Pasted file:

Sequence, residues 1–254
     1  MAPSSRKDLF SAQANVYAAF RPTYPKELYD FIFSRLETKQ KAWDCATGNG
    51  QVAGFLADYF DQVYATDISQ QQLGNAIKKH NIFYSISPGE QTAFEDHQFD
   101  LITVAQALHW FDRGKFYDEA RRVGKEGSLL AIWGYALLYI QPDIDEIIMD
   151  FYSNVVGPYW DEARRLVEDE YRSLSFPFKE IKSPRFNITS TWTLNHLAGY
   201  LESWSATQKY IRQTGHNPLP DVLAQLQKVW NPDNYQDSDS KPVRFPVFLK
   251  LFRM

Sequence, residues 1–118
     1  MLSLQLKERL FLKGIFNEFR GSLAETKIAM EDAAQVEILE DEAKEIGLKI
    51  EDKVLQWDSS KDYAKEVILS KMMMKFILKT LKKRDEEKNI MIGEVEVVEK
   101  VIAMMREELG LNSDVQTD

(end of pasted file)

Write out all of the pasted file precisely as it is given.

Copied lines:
Sequence, residues 1–254
     1  MAPSSRKDLF SAQANVYAAF RPTYPKELYD FIFSRLETKQ KAWDCATGNG
    51  QVAGFLADYF DQVYATDISQ QQLGNAIKKH NIFYSISPGE QTAFEDHQFD
   101  LITVAQALHW FDRGKFYDEA RRVGKEGSLL AIWGYALLYI QPDIDEIIMD
   151  FYSNVVGPYW DEARRLVEDE YRSLSFPFKE IKSPRFNITS TWTLNHLAGY
   201  LESWSATQKY IRQTGHNPLP DVLAQLQKVW NPDNYQDSDS KPVRFPVFLK
   251  LFRM

Sequence, residues 1–118
     1  MLSLQLKERL FLKGIFNEFR GSLAETKIAM EDAAQVEILE DEAKEIGLKI
    51  EDKVLQWDSS KDYAKEVILS KMMMKFILKT LKKRDEEKNI MIGEVEVVEK
   101  VIAMMREELG LNSDVQTD